"We really want to deliver more like a Monday Night Football experience"

Whalen Rozelle

It's the same challenge NBC faces when they show the Olympics; they have to create a narrative about the competitors and inform the audience about the sport and how it works, since so many Olympic sports events are a mystery to the mass audience. "You really hit the nail on the head with that," said Beck. "That's exactly right. The producer we hired, who was at the Salt Lake City Olympics, knows how to relate these player stories to the fan base." Rozelle added, "Now that we have a regular season, you'll be able to learn more about what drives our pros to play, and what sort of pressure is on them. I think that'll be really cool for our fans."

Riot has been trying out new presentation techniques during tournaments. "At the North American Qualifiers, we had a Telestrator for the first time," said Beck. "Our 'casters were able to break down the play and bring forth the complexity and depth of strategic execution that these teams live every day. It's very easy to miss, just like the subtleties of positioning in baseball or a route that a receiver runs in football."

Beck feels that creating a roster of professional teams playing League of Legends will improve the quality of play, which will attract more viewers and players. "These players now get to dedicate their careers. It's their profession playing League of Legends; they're getting salaries, they have sponsors," Beck said. "Before they had to take a gamble and fight for prize money at tournaments, now it's insured, it's in the bank for these guys and they get to focus on doing what they do best which is playing League of Legends."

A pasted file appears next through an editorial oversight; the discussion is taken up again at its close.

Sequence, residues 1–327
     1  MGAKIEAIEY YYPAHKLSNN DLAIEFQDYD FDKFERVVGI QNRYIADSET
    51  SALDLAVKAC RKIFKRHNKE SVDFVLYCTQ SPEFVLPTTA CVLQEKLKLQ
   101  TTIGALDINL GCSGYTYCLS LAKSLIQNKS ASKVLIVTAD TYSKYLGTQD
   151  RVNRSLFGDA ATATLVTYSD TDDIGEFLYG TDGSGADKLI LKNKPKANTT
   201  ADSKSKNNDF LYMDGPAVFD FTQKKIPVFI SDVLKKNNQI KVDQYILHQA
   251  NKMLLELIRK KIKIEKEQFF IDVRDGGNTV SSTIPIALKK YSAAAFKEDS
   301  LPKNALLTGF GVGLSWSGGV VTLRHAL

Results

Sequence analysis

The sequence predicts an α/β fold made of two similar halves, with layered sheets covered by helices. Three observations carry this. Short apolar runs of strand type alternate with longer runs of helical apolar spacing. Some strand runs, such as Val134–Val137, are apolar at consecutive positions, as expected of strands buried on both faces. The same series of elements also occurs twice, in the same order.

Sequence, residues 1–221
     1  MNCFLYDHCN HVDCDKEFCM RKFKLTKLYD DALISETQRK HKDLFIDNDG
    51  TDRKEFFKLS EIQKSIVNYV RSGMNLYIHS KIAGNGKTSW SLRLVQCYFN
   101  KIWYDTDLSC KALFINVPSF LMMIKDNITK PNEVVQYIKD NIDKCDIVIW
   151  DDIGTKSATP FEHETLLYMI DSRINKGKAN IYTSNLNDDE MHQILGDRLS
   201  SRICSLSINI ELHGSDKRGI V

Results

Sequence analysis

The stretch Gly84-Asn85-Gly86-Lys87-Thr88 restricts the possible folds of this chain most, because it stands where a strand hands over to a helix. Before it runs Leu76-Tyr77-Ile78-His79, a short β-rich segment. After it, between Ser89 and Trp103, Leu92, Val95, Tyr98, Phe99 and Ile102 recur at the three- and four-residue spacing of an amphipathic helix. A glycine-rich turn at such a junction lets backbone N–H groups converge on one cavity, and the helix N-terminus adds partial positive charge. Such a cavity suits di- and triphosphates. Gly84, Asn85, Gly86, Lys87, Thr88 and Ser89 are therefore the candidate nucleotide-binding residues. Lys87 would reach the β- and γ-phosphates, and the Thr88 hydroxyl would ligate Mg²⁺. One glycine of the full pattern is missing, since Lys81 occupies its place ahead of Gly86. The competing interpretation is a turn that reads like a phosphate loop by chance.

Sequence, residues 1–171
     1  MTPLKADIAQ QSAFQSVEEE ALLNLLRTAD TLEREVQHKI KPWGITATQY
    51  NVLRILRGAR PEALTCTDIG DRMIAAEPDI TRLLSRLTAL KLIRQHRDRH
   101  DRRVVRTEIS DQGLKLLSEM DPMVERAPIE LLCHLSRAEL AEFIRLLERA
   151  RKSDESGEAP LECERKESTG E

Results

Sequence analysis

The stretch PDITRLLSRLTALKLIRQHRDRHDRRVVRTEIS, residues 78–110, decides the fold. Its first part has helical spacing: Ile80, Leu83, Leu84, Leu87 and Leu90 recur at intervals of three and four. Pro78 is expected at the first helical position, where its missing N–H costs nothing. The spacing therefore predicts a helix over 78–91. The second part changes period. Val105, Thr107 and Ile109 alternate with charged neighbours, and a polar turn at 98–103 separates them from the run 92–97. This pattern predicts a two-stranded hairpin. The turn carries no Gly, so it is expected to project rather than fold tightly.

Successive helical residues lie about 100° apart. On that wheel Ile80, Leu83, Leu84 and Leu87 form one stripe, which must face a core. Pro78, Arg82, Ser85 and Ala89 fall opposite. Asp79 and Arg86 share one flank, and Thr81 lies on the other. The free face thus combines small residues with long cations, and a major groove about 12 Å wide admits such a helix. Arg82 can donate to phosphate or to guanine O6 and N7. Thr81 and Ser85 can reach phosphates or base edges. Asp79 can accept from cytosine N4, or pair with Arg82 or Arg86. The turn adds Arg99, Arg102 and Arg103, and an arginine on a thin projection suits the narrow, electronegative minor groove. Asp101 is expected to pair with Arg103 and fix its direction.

The pro players get revenue from advertising on livestreams of gameplay and from sponsors, and then whatever prize money they earn. Salaries from Riot to the teams that make it into the LCS are significant. "It's actually a considerable amount of money; $175,000 a year divvied up by the team," noted Beck. "There's obviously prize money as well. We sponsor eyeballs that these guys get; before it was one tournament a month or every couple of months, now it's every Thursday, every Friday we get to see these logos on the team."

Beck hopes to encourage future competitors in a variety of ways. "We're highlighting a bunch of aspirational paths. League of Legends doesn't win as an eSport unless we have that," Beck said. Riot is building out a college program to bring more people into the sport. It's not impossible to get into the higher levels of play for new players; recently one team that got together online just made it into the League Championship Series. "Those guys are that Cinderella story," said Beck.